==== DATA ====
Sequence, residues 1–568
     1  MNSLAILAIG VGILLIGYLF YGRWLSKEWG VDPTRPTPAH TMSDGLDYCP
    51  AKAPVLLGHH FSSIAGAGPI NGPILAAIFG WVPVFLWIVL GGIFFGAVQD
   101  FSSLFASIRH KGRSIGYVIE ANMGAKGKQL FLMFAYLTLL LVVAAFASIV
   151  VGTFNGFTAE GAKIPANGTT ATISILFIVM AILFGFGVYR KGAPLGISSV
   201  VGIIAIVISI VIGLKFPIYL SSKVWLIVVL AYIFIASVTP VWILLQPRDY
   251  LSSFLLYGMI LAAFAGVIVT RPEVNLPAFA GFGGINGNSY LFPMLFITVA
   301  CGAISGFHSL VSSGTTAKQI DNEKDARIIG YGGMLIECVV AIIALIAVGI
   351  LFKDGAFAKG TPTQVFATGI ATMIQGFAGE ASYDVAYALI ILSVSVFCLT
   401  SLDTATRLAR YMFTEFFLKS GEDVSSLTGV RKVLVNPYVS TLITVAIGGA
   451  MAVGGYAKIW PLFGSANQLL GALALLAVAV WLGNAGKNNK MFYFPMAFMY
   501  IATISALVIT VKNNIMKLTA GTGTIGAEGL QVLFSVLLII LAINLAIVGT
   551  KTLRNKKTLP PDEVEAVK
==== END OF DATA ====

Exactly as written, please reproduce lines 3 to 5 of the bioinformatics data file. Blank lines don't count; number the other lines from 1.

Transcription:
    51  AKAPVLLGHH FSSIAGAGPI NGPILAAIFG WVPVFLWIVL GGIFFGAVQD
   101  FSSLFASIRH KGRSIGYVIE ANMGAKGKQL FLMFAYLTLL LVVAAFASIV
   151  VGTFNGFTAE GAKIPANGTT ATISILFIVM AILFGFGVYR KGAPLGISSV